After a fire is extinguished, the atmosphere control system will filter the air to remove particulates and toxic substances.
Next, we'll look at the technologies that help the space shuttle navigate, change direction and communicate from space.
Space Shuttle Positioning, Communication and Navigation
To change the direction that the orbiter is pointed (attitude), you must use the reaction control system (RCS) located on the nose and OMS pods of the aft fuselage.
The RCS has 14 jets that can move the orbiter along each axis of rotation (pitch, roll, yaw). The RCS thrusters burn monomethyl hydrazine fuel and nitrogen tetroxide oxidizer just like the OMS engines described previously. Attitude changes are required for deploying satellites or for pointing (mapping instruments, telescopes) at the Earth or stars.
To change orbits (e.g., rendezvous, docking maneuvers), you must fire the OMS engines. As described above, these engines change the velocity of the orbiter to place it in a higher or lower orbit (see How Satellites Work for details on orbits).
Tracking and Communication
You must be able to talk with flight controllers on the ground daily for the routine operation of the mission. In addition, you must be able to communicate with each other inside the orbiter or its payload modules and when conducting spacewalks outside.
NASA's Mission Control in Houston will send signals to a 60 ft radio antenna at White Sands Test Facility in New Mexico. White Sands will relay the signals to a pair of Tracking and Data Relay satellites in orbit 22,300 miles above the Earth. The satellites will relay the signals to the space shuttle. The system works in reverse as well.
The orbiter has two systems for communicating with the ground:
- S-band - voice, commands, telemetry and data files
- Ku-band (high bandwidth) - video and transferring two-way data files
The orbiter has several intercom plug-in audio terminal units located throughout the crew compartment. You will wear a personal communications control with a headset. The communications control is battery-powered and can be switched from intercom to transmit functions. You can either push to talk and release to listen or have a continuously open communication line. To talk with spacewalkers, the system uses a UHF frequency, which is picked up in the astronaut's space suit.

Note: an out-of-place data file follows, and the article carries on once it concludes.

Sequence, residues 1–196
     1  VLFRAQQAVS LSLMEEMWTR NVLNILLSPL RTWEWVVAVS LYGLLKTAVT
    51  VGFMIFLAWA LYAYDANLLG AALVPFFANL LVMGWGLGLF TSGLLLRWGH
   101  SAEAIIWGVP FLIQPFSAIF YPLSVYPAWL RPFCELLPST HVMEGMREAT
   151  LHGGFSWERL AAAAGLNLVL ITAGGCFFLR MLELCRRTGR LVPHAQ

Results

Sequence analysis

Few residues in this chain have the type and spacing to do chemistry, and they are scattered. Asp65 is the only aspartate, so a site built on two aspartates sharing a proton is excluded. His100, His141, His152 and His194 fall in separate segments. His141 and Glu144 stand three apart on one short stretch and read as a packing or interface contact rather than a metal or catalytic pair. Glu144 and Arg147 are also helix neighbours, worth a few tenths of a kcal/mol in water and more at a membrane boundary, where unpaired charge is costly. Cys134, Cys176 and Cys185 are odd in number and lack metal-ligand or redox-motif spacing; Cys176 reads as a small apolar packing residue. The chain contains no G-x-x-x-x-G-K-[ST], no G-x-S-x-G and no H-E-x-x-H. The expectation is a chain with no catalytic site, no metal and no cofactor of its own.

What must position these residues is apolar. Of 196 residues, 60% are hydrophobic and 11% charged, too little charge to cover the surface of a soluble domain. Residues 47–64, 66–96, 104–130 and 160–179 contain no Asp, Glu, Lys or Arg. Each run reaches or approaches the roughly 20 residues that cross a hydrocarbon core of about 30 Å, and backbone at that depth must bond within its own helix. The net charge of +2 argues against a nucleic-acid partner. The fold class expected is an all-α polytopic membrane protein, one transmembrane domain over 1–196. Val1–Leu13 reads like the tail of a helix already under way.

The orbiter also has a series of internal and external video cameras to see inside and outside.
Navigation, Power and Computers
The orbiter must be able to know precisely where it is in space, where other objects are and how to change orbit. To know where it is and how fast it is moving, the orbiter uses global positioning systems (GPS). To know which way it is pointing (attitude), the orbiter has several gyroscopes. All of this information is fed into the flight computers for rendezvous and docking maneuvers, which are controlled in the aft station of the flight deck.
All of the on-board systems of the orbiter require electrical power. Three fuel cells make electricity; they are located in the mid fuselage under the payload bay. These fuel cells combine oxygen and hydrogen from pressurized tanks in the mid fuselage to make electricity and water. Like a power grid on Earth, the orbiter has a distribution system to supply electrical power to various instrument bays and areas of the ship. The water is used by the crew and for cooling.
The orbiter has five on-board computers that handle data processing and control critical flight systems. The computers monitor equipment and talk to each other and vote to settle arguments. Computers control critical adjustments especially during launch and landing:
- operations of the orbiter (housekeeping functions, payload operations, rendezvous/docking)
- interface with the crew
- caution and warning systems
- data acquisition and processing from experiments
- flight maneuvers
Pilots essentially fly the computers, which fly the shuttle. To make this easier, the shuttles have a Multifunctional Electronic Display Subsystem (MEDS), which is a new, full color, flat, 11-panel display system. The MEDS, also known as the "glass cockpit", provides graphic portrayals of key light indicators (attitude, altitude, speed). The MEDS panels are easy to read and make it easier for shuttle pilots to interact with the orbiter.
Now let's look at the kind of work you'll be doing during your shuttle mission.
Work Aboard the Shuttle
The shuttle was designed to deploy and retrieve satellites as well as deliver payloads to Earth orbit. To do this, the shuttle uses the Remote Manipulator System (RMS). The RMS was built by Canada and is a long arm with an elbow and wrist joint. You can control the RMS from the aft flight deck. The RMS can grab payloads (satellites) from the cargo bay and deploy them, or grab on to payloads and place them into the bay.